PhD Title: Global climate impacts from changes in Antarctic Intermediate Water
Supervisors: Karen Heywood, David Stevens, Zhaomin Wang (formerly at BAS).
The IPCC AR4 report stated that "the major mid-depth water mass in the SH, Antarctic Intermediate Water (AAIW), has ... been freshening since the 1960s". The aim of this project was to investigate how changes in this water mass could feed back in to the climate system in the future. This involved the use of the coupled climate model, HadCM3, within which I made perturbations of temperature and salinity at depth in each of the three major ocean basins.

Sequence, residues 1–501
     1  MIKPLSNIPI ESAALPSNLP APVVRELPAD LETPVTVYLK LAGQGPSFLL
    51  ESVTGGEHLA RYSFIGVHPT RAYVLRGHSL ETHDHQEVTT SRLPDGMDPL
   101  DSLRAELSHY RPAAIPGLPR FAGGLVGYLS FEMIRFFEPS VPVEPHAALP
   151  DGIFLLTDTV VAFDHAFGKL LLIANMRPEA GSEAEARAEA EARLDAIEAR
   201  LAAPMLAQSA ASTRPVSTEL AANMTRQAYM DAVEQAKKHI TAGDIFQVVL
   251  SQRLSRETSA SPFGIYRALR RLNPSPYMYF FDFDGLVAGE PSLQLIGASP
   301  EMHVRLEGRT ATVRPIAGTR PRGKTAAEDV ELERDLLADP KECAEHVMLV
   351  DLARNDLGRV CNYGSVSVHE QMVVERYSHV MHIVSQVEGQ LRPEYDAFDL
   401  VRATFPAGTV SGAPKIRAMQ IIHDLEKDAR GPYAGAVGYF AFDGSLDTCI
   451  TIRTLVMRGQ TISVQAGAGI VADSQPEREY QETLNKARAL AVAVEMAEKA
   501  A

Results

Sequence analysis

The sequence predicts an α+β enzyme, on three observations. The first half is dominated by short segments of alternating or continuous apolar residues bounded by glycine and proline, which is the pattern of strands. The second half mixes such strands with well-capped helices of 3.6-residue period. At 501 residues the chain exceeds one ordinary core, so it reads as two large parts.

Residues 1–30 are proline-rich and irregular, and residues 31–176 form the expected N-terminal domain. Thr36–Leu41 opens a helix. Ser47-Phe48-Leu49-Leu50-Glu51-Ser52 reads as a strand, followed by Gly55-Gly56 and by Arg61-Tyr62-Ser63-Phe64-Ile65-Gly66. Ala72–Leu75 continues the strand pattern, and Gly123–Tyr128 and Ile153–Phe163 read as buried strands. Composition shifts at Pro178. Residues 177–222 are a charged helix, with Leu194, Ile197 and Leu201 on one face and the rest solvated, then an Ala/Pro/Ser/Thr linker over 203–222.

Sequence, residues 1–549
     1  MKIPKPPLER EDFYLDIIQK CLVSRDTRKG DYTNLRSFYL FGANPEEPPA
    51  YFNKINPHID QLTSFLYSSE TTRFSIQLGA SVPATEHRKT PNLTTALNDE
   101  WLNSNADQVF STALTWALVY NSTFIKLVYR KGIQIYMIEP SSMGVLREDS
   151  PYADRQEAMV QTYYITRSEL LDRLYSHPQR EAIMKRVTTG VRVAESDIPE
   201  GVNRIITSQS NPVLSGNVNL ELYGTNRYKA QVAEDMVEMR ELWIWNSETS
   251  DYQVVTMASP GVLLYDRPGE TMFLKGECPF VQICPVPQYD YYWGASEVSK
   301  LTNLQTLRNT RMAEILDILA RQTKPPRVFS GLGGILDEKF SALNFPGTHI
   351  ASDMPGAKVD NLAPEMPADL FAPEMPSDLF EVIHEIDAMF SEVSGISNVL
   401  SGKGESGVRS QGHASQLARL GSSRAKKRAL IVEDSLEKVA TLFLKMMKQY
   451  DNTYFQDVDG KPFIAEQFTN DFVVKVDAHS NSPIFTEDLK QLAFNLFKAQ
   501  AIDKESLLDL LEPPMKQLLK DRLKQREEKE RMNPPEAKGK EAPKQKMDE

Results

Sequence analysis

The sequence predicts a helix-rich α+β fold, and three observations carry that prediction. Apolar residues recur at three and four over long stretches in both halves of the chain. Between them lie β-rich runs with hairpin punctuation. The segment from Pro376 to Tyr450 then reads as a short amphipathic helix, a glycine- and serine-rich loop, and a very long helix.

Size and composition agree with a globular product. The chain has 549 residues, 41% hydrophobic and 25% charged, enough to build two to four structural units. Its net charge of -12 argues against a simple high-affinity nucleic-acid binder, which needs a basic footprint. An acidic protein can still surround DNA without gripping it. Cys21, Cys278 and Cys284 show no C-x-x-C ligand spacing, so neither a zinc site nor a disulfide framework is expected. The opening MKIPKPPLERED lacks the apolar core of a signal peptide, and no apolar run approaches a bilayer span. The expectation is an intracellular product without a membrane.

Results from the initial Atlantic AAIW experiments have been published in Climate Dynamics (Graham et al. 2011). More recently, results from each of the ocean basins have been compared in Graham et al. (2013, J Clim). Some key results presented in this paper:
Whilst my PhD project was model-based, I also had the chance to try out some practical oceanography on board the SOFINE cruise in Nov-Dec 2008.
- Perturbed AAIW can reach the sea surface within 10 years.
- Sea surface temperature anomalies occur when AAIW surfaces at higher latitudes (>30 deg).
- The response to cooler, fresher AAIW is both greater and more significant than that for warmer, saltier AAIW.
- The North Atlantic is particularly sensitive to cool, fresh perturbations.
- Changes in AAIW can cause basinwide changes in the surface ocean and overlying atmosphere on multidecadal timescales.